BEIRUT: Most people would probably agree that being colonized sucks. Once upon a time, most Westerners could be counted on to support national self-determination but that didn’t mean all colonial-settler states got the same media narrative.
Take apartheid South Africa. The international community looked the other way for a few decades but eventually international banks baulked at doing business with Pretoria and states conceded that the segmentation and disenfranchisement of colonized South Africans was unjust. So long apartheid.
The state of Israel, on the other hand, had little reason to fear effective international pressure vis-a-vis its Palestinian policy. Activists have found it useful to place the history of post-Nakba Palestine alongside that of apartheid South Africa, to point out the double standard.
“Spaces of Exception” a new documentary feature directed by Matt Peterson and Malek Rasamny, places the Palestinian experience alongside a different settler-colonial history, that of the First Nations people of North America.
Shot in Arizona, New Mexico, New York and South Dakota, the occupied West Bank and Lebanon from 2014 to 2017, the 90-minute film ping-pongs between American and Middle Eastern locations.
Much of the documentary is preoccupied with testimonials on the historic injustices and contemporary frustrations First Nations people experience in the reservation system of Canada and the U.S., and Palestinians undergo in refugee camps in Palestine and Lebanon.
The two groups have several features in common, beginning with the struggle with colonizers for control over a historic homeland.
While both Palestinians and First Nations folks have known a degree of local political representation, these are necessarily proscribed by their subordination to various state jurisdictions in the U.S. and Canada, Israel and Lebanon.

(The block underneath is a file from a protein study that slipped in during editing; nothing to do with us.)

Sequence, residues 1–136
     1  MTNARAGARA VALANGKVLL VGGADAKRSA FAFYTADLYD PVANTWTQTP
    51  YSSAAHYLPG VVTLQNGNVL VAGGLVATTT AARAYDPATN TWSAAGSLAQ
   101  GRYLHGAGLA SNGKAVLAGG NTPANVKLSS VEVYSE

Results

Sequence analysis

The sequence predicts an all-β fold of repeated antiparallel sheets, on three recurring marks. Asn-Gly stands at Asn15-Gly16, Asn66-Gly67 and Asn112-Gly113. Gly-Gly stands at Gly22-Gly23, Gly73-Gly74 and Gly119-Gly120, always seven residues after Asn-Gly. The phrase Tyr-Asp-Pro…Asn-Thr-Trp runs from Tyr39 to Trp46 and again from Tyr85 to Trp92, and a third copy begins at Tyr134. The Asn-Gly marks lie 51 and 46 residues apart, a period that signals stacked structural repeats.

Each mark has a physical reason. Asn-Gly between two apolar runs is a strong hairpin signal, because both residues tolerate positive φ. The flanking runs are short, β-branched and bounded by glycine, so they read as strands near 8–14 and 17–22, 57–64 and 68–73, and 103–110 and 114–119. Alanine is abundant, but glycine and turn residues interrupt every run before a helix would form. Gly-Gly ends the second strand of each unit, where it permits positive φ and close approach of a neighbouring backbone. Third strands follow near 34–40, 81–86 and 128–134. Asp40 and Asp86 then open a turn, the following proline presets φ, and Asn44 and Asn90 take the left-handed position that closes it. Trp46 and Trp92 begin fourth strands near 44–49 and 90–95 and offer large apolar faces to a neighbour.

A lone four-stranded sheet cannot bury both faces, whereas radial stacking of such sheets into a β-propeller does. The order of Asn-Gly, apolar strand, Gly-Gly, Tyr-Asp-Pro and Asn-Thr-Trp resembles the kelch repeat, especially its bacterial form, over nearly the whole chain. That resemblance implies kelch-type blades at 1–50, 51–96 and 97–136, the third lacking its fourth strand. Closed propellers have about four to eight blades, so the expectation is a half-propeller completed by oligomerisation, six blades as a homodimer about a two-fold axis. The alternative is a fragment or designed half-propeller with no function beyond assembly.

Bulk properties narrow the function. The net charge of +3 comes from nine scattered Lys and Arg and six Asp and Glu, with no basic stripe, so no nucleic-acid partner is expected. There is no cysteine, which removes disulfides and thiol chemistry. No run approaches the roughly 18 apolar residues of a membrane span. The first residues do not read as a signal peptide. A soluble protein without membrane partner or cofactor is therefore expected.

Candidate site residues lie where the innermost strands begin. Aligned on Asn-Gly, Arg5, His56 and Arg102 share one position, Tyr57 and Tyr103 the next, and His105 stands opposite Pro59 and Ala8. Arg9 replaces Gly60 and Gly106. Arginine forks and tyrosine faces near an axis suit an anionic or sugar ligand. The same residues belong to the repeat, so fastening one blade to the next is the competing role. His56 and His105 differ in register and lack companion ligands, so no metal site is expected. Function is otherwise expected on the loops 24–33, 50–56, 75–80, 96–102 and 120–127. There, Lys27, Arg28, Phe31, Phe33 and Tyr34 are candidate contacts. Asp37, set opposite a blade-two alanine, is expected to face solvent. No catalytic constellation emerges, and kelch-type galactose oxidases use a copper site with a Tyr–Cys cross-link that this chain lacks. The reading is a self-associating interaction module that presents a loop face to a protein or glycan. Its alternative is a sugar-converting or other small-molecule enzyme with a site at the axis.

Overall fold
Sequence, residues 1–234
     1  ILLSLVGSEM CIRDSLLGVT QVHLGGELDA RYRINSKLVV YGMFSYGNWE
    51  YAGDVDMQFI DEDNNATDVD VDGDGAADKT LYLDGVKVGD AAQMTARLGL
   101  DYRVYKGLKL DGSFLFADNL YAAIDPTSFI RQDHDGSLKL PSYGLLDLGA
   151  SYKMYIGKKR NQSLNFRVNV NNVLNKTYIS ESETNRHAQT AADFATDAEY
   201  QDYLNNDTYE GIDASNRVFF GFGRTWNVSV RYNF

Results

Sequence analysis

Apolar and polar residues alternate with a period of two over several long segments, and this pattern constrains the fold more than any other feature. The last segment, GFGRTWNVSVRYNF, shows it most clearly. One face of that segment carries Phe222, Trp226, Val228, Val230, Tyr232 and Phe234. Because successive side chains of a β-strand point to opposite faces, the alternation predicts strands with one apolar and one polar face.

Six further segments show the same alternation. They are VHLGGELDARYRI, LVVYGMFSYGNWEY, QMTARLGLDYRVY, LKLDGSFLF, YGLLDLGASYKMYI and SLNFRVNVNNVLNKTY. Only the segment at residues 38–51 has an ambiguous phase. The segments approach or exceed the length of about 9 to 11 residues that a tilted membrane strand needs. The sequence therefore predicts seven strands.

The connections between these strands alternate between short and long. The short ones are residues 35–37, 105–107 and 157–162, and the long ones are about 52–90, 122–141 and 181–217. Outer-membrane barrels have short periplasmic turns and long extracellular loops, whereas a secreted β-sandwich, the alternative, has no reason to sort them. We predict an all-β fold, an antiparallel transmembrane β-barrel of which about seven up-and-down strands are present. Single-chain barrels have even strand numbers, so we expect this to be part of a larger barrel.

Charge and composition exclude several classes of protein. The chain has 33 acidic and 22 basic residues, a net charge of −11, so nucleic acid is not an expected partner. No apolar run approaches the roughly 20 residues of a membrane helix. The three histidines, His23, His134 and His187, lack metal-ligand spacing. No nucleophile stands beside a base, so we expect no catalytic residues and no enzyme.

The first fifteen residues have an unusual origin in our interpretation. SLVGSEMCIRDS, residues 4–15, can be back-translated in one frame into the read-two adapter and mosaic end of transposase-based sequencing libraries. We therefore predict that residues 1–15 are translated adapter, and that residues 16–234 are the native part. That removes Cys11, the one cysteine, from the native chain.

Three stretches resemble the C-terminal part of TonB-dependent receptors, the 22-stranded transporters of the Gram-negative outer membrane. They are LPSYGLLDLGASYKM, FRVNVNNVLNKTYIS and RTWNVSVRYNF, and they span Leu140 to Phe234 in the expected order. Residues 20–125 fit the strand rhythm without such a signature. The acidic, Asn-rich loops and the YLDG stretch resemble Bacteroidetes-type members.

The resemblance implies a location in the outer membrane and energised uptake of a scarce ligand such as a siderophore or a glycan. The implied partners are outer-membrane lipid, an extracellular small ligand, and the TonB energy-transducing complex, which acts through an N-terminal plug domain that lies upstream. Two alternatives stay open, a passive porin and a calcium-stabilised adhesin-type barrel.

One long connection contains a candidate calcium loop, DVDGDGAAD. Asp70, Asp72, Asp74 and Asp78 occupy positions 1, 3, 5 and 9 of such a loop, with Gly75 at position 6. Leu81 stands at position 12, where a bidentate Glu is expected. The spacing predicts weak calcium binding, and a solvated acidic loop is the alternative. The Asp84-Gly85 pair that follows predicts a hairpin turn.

In practice this means colonized Palestinians and Amerindians have undergone a common experience of forced relocation, economic marginalization and dependency.
Generally stripped of sovereign control over the natural resources of their territory, economic initiatives in various sectors have been obstructed or criminalized altogether.
The want of opportunities within the reserves and refugee camps have led to emigration, a breakdown in social cohesion, varying degrees of cultural assimilation and political radicalization, as well as efforts at cultural renaissance.
“Spaces of Exception” is the most-recent (and longest) documentary that Rasamny and Peterson have released as part of the multimedia project “The Native and the Refugee,” which sets out “to profile the spaces of the Indian reservation and Palestinian refugee camp: spaces of exception whose position in the struggle for autonomy are essential.”
Elements of this project have been presented in Canada, Ecuador, the U.K., France, Guatemala, Jordan, Lebanon, Palestine, Portugal and Syria, within refugee camps and reserves, in cinemas, galleries and universities.
The film had its world premiere earlier this month at the inaugural edition of Sharjah Film Platform.
It will have its Beirut debut Saturday, Feb. 2, at the Sursock Museum.
It’s easy to see “Spaces of Exception” as a 90-minute-long compare-contrast exercise.
During the question-and-answer session following the film’s Sharjah premiere, Peterson and Rasamny said that they weren’t interested in making comparisons between the Palestinian condition and that of the First Nations.
Their objective was instead to profile elements of both communities in parallel.
The filmmakers are wise to clarify this point, given the sometimes vast differences in these histories.
While the Nakba took place 70 years ago, the colonization of the Americas has been a complex, centurieslong process unfolding over two continents, driven by a host of political and economic actors.
Tragic and unjust as the Palestinians’ plight is, the territorial proscription and political, economic and cultural annihilation of the Americas’ indigenous peoples is on an altogether different scale.
This film does have some utility for activists. For anyone immersed in Palestinian or Amerindian narratives, the film’s switchback sketches of life in North American reserves and Arab refugee camps may provoke some new thinking on what it means to be on the wrong end of the settler-colonial stick.
The principal worth of the film, though, may be discursive.
Zionism’s success to this point has rested in large part on the material support of its overseas patrons. Rasamny and Peterson don’t explicitly say that America’s settler-colonial project has been wedded to that of its client. Viewers might observe, though, how many U.S. citizens have invested in the most-recent phase of state-subsidized settler activity in occupied Palestine.
“Spaces of Exception” will screen Saturday Feb. 2 at 4 p.m. at the Sursock Museum Auditorium. The film is in English and Arabic with English and Arabic subtitles.